Coveney plays down Dutch supertrawler’s presence off west coast
Australian PM Tony Abbott pledges two-year ban on FV Margiris in his country’s waters
Simon Coveney: “If the owners of this vessel are abiding by the rules they should have no issue with observers.” Photograph: Dan Sheridan/Inpho
Minister for the Marine Simon Coveney has sought to assuage concerns about the recent arrival off the west coast of one of the world’s largest supertrawlers, which was expelled from Australian waters under pressure from environmental and fishing industry groups.
The 143-metre Dutch-owned FV Margiris, registered in Lithuania, had secured a blue whiting allocation under the EU Common Fisheries Policy’s system of quota swapping, Mr Coveney said, and was “probably” involved in legitimate fishing activity.
However, the Irish Whale and Dolphin Group (IWDG) has added its voice to concerns expressed within the fishing industry over the activity of the 9,500-tonne vessel, which is operated by the Dutch multinational that also owns the former Irish-owned Atlantic Dawn.
Speaking at the annual Skipper Expo in Galway at the weekend , Mr Coveney said that if the FV Margiris was abiding by all regulations, there was “very little” that the authorities could do.
However, he said it had not as yet been inspected by the Naval Service at sea.
Earlier this week, Australian prime minister Tony Abbott pledged that a two-year ban on the FV Margiris would remain in place.
“When a vessel of that size with the capacity for catch that it has comes either into, or close to, our waters, we take note of that,” Mr Coveney said in Galway.
Mr Coveney cautioned it would be “unfair” to focus on one vessel, but said “if it is breaching the regulations, we will enforce the rules strictly, if we need to”.
The first phase of a new ban on discards in EU waters comes into force next January, he noted, and two new Naval Service vessels would be arriving at Cork harbour in the next 12 months.
However, former sea fishery officer Kevin Flannery said he believed Mr Coveney could authorise officers from the Sea Fisheries Protection Authority (SFPA) to spend time as observers on board the vessel.
“The Naval Service can’t tell what’s inside a ship like that when it is freezing fish on board,” Mr Flannery said. “If the owners of this vessel are abiding by the rules, they should have no issue with observers on board.”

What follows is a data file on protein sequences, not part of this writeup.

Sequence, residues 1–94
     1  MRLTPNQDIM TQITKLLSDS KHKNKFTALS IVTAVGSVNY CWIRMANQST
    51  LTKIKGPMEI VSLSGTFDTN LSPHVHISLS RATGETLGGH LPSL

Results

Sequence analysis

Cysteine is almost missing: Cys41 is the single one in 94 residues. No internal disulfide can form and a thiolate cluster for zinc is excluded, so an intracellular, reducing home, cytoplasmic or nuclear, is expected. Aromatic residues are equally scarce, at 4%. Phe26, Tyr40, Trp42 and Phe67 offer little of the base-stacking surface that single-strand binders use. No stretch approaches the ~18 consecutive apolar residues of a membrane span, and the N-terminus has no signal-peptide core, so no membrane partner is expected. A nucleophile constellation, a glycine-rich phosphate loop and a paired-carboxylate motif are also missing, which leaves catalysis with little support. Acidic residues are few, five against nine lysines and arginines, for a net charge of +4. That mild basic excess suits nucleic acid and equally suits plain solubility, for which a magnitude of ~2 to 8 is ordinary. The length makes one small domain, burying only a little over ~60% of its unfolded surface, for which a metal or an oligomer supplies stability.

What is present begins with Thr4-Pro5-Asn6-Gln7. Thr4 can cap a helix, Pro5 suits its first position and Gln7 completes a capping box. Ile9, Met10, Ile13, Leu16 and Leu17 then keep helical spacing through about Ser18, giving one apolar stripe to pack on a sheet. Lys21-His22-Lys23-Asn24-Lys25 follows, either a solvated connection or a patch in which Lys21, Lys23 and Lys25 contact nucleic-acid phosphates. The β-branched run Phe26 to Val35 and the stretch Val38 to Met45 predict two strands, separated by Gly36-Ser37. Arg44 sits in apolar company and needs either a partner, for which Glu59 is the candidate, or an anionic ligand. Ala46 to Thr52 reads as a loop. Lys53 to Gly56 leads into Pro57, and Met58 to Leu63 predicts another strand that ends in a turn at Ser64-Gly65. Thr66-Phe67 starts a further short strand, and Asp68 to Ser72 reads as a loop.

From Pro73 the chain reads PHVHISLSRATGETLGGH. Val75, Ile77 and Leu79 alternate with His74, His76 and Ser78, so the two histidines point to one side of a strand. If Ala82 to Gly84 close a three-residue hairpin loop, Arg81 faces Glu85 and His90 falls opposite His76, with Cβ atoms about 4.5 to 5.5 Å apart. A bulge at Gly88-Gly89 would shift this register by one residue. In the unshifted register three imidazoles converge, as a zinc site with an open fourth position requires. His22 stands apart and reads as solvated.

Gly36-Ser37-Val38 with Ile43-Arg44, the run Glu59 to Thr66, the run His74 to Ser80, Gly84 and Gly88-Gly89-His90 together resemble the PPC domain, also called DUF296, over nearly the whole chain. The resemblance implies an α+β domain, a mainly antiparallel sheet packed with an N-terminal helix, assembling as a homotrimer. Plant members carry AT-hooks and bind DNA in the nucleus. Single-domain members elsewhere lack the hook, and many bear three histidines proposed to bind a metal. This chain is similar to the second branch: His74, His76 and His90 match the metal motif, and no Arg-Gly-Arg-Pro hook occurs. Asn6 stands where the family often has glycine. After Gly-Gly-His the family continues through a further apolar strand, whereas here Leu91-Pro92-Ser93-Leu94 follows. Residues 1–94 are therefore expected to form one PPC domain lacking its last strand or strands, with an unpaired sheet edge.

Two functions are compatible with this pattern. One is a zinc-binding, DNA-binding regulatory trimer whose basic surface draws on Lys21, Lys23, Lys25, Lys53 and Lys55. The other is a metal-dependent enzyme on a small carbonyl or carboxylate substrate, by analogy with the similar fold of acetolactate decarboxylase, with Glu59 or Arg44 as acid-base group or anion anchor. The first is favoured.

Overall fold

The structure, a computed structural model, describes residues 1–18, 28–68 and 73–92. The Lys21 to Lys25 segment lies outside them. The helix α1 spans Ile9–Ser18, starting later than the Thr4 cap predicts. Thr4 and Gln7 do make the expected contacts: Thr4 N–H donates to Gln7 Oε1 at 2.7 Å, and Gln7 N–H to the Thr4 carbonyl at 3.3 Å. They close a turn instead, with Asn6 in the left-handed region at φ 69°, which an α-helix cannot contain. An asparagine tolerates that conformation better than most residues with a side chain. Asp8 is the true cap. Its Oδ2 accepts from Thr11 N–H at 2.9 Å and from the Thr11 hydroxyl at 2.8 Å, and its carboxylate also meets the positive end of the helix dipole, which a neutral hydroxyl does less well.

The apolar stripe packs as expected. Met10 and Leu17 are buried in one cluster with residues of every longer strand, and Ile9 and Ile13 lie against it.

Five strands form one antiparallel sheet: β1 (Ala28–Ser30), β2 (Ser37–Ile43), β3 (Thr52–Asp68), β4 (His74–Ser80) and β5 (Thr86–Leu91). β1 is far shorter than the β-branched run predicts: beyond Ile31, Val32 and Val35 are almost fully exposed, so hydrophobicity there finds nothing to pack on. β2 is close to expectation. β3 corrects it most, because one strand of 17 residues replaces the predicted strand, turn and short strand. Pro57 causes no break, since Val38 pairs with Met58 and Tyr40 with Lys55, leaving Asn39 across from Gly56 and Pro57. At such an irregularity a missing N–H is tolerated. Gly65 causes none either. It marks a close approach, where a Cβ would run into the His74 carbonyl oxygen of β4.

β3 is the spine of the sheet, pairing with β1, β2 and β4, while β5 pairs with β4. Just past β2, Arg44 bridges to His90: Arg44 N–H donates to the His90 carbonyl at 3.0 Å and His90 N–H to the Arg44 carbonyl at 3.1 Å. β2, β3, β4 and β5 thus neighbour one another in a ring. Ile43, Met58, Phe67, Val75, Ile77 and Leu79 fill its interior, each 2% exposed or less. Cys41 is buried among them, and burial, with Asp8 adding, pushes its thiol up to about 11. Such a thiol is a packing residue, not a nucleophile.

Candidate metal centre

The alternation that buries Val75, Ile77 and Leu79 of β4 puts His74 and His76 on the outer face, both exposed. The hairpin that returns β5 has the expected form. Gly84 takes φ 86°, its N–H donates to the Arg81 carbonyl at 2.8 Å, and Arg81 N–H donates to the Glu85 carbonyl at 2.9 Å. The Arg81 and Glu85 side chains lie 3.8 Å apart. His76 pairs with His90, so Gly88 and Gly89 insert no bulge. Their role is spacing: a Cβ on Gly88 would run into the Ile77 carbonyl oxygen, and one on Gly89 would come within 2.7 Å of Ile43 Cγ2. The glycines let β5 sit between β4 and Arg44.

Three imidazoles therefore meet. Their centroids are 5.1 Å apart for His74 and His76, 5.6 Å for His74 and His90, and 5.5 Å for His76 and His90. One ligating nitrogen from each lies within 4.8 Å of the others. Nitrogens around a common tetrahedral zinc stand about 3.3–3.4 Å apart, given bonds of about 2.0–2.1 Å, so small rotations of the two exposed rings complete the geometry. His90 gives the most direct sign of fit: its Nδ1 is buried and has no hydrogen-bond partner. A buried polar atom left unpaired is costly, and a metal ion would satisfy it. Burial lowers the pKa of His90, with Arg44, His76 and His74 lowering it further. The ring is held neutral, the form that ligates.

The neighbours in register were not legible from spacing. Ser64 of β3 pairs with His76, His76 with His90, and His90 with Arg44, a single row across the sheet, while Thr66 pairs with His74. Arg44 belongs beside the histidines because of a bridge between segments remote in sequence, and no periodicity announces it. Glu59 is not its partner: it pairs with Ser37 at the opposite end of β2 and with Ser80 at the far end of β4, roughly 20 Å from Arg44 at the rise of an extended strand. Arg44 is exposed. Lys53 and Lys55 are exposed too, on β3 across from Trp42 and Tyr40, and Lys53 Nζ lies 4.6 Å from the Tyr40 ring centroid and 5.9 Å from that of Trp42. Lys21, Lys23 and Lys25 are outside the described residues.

The IWDG also said it believed vessels of this size, which had the capacity to cause large numbers of “by-catch” or accidental catch of dolphins in gear, should be monitored as required by EU legislation.
It said that a peak in strandings of common dolphins off the Irish north-west coast last year was caused by fisheries “by-catch”.
“EU-registered pelagic (mackerel/herring) trawlers are required to implement by-catch regulation 812/2004 which requires independent observers to monitor by-catch of marine mammals,” the IWDG said.
“Failure to manage by-catch in these fisheries is in contradiction of the EU Habitats Directive, which affords all cetacean species strict protection within our 200 nautical-mile exclusive economic zone,” the IWDG said.
Mr Coveney, who marked the 50th anniversary of The Irish Skipper magazine in Galway, appealed to the fishing and fish farming industries to undertake safety training with Bord Iascaigh Mhara(BIM).
Mr Coveney also said he wished to issue a reassurance in relation to the proposed Galway Bay fish farm project that he was “going to make no decision that it is going to result in any environmental danger in Galway Bay”.
“This is a beautiful part of Ireland; we need to balance the responsibilities around marine tourism, around protecting ecosystems and around potentially providing commercial opportunity from salmon farming,” he said.
“But I can assure you that we are not going to rush a decision here and we will make decisions that are consistent with the detailed scientific advice that I will have available to me,” he continued, adding this advice could still take “some time”.